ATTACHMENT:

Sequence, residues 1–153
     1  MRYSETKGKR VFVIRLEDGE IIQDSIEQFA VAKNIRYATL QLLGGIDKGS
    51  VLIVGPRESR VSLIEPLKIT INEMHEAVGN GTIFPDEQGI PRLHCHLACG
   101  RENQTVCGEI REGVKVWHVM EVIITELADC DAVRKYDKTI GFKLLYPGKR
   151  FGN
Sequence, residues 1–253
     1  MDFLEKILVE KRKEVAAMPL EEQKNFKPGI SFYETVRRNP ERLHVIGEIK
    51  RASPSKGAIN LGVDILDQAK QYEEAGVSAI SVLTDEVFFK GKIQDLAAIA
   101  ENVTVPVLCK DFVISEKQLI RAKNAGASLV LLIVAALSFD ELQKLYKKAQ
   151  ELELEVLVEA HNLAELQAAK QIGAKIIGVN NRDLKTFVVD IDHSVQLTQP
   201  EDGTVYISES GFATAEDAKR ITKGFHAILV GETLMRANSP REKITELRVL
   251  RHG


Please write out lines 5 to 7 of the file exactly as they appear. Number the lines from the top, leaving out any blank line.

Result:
   151  FGN
Sequence, residues 1–253
     1  MDFLEKILVE KRKEVAAMPL EEQKNFKPGI SFYETVRRNP ERLHVIGEIK